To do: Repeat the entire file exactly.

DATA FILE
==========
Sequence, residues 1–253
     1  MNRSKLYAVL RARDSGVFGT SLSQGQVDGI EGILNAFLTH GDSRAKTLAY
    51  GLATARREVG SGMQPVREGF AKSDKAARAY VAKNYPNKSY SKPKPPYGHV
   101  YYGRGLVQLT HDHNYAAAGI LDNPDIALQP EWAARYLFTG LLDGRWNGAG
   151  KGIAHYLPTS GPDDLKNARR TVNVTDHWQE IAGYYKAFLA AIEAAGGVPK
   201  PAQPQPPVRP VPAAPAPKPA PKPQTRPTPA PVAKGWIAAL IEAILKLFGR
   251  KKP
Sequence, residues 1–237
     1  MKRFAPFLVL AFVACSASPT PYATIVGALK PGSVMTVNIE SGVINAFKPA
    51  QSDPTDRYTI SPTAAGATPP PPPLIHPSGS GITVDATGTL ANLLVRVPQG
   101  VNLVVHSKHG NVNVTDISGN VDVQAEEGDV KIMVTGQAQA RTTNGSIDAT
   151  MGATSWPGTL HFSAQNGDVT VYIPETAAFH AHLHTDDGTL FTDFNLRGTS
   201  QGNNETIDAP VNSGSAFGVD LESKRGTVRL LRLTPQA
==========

Sequence, residues 1–253
     1  MNRSKLYAVL RARDSGVFGT SLSQGQVDGI EGILNAFLTH GDSRAKTLAY
    51  GLATARREVG SGMQPVREGF AKSDKAARAY VAKNYPNKSY SKPKPPYGHV
   101  YYGRGLVQLT HDHNYAAAGI LDNPDIALQP EWAARYLFTG LLDGRWNGAG
   151  KGIAHYLPTS GPDDLKNARR TVNVTDHWQE IAGYYKAFLA AIEAAGGVPK
   201  PAQPQPPVRP VPAAPAPKPA PKPQTRPTPA PVAKGWIAAL IEAILKLFGR
   251  KKP
Sequence, residues 1–237
     1  MKRFAPFLVL AFVACSASPT PYATIVGALK PGSVMTVNIE SGVINAFKPA
    51  QSDPTDRYTI SPTAAGATPP PPPLIHPSGS GITVDATGTL ANLLVRVPQG
   101  VNLVVHSKHG NVNVTDISGN VDVQAEEGDV KIMVTGQAQA RTTNGSIDAT
   151  MGATSWPGTL HFSAQNGDVT VYIPETAAFH AHLHTDDGTL FTDFNLRGTS
   201  QGNNETIDAP VNSGSAFGVD LESKRGTVRL LRLTPQA